Ray Messer is first inmate to commit suicide at state's sex offender facility [MUGSHOT]

RayMesser.jpg
Ray Messer was convicted of criminal sexual conduct four times in a 20 year span. He died following a suicide attempt last Friday.
Over the weekend, 45-year-old Ray Messer became the first inmate to commit suicide at the state's sex offender facility in Moose Lake.

SEE ALSO: Warrant issued for on-the-loose sex offender with an epic mullet [PHOTO]

It's unclear how Messer killed himself, but MPR, citing conversations with offenders at the facility, reports that cheap razors and drugs are commonly used in suicide attempts. Offenders told MPR they believe there are a few suicide attempts at the facility each week, while authorities claim there are usually about 10 over the course of an entire year.

More from the Star Tribune:
[Messer] was convicted of second-degree criminal sexual conduct in 1987, 1993 and 2007, and of fifth-degree criminal sexual conduct and in 1991 and of failing to register as a criminal sexual offender in 2001. Messer was committed to the sex offender program in 2007 after an assault on a preteen family member...

Since its creation in 1994, the sex offender program has grown rapidly and now has 693 clients. But only one client has been provisionally discharged to the community in that time, leading some critics in the legal community to call the program a de facto life sentence...

A federal class-action lawsuit filed by several clients is challenging the constitutionality of the program. Daniel Gustafson, one of the attorneys representing the plaintiffs, said Monday that he didn't know Messer. He said the plaintiffs and state have been in settlement talks for about a year. "We're sort of getting to the point where we're going to settle the case or litigate the case," Gustafson said. "I think we'll know the answer within the next 10 days."
In June 2012, Britain's High Court refused to extradite Shawn Sullivan to Minnesota to face charges for allegedly groping two 11-year-old girls, citing concerns about how Minnesota handles sex offenders. In their decision, judges wrote that "there was a real risk that if returned, Mr. Sullivan will be the subject of an order of civil commitment," adding that placing him in the program would amount to a flagrant denial of his human rights.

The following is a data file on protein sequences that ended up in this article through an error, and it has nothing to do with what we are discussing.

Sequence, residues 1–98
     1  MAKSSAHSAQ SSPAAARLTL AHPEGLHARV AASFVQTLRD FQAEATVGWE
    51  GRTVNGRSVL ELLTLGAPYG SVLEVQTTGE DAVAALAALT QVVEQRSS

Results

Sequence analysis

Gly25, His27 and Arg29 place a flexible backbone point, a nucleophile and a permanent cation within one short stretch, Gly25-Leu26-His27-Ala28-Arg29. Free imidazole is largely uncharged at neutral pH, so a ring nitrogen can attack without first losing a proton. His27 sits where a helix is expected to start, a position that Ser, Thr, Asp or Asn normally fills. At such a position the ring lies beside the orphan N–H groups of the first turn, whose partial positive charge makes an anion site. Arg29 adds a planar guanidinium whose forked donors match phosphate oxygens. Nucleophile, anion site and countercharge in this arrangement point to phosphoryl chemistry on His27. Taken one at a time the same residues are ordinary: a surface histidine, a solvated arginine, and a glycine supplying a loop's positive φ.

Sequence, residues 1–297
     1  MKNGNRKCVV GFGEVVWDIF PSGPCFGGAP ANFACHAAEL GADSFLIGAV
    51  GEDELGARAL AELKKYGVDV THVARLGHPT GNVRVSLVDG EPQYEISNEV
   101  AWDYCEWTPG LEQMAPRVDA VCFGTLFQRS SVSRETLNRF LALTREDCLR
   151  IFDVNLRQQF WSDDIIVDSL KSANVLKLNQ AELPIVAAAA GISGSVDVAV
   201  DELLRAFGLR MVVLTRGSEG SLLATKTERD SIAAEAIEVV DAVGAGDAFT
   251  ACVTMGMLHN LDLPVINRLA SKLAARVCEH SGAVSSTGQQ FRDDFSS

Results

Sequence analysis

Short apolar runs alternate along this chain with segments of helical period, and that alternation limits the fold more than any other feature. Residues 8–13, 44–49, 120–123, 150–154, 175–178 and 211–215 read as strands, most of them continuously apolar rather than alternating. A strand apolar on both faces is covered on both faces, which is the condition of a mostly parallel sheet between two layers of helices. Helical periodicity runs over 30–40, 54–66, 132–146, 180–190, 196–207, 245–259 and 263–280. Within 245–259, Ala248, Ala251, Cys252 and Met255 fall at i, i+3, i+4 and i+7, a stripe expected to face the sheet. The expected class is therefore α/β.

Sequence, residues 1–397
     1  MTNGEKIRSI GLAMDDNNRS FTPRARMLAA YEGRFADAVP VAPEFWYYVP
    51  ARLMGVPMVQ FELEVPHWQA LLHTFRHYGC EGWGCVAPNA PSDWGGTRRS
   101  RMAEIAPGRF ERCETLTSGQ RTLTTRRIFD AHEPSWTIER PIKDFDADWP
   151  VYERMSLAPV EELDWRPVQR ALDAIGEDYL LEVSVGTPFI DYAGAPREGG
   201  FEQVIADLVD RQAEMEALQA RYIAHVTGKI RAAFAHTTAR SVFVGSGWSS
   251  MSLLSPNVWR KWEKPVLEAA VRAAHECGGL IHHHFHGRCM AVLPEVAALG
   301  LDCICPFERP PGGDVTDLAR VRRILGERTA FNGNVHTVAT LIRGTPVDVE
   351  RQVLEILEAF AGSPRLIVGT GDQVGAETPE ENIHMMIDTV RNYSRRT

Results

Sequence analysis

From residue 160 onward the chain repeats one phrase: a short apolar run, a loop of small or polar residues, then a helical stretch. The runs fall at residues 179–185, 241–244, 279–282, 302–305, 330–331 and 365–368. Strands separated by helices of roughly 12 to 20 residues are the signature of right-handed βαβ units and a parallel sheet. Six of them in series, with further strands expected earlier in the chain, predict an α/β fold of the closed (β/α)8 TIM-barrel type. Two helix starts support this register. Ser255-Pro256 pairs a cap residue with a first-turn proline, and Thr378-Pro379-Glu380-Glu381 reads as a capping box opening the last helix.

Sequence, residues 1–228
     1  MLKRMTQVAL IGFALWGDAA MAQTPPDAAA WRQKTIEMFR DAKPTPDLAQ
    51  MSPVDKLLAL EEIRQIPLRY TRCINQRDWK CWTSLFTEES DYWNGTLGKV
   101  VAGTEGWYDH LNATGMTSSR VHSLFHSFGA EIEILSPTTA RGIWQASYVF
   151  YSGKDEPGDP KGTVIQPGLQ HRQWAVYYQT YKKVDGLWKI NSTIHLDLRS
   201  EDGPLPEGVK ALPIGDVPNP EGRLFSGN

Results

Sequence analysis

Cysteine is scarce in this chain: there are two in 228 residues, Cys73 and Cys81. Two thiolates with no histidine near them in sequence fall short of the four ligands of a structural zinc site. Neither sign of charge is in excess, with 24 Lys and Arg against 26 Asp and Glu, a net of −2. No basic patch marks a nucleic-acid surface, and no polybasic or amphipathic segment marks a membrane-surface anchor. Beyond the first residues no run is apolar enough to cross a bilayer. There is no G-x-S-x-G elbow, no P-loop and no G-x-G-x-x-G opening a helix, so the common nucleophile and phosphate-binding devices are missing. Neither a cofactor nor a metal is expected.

One offender currently at the Moose Lake facility, Ken Timms, told MPR that while he initially sought civil commitment because he wanted treatment, he'd now "rather be dead than offend again." Timms said he tried to slit his wrists three months ago.

-- Follow Aaron Rupar on Twitter at @atrupar. Got a tip? Drop him a line at arupar@citypages.com.


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14 comments
Ly-Zhou Sherry
Ly-Zhou Sherry

As in that his life was a waste and the people whose lives he affected shouldn't have had to suffer at his actions, as well.

Mike Skeels
Mike Skeels

Good! Hope it was painful on the way out!

Simi Lyn
Simi Lyn

Thank you Mr Messer you have finally contributed something positive to society

Dan Mason
Dan Mason

Why would we ever let these people out? "But only one client has been provisionally discharged to the community in that time, leading some critics in the legal community to call the program a de facto life sentence"

Edward Bertsch
Edward Bertsch

They should make these people listen to Joy Division 24x7

swmnguy
swmnguy topcommenter

If we want the sentence for all sex-related crimes to be death or life in prison without parole, we should just go ahead and do that in the lawful way.

Brie MacDougall
Brie MacDougall

4 times in 20 years? How in the hell? Seriously, if you sexually assault a child you should never, ever get out, ever.

bryanwade3
bryanwade3

He should have done that a long time ago...

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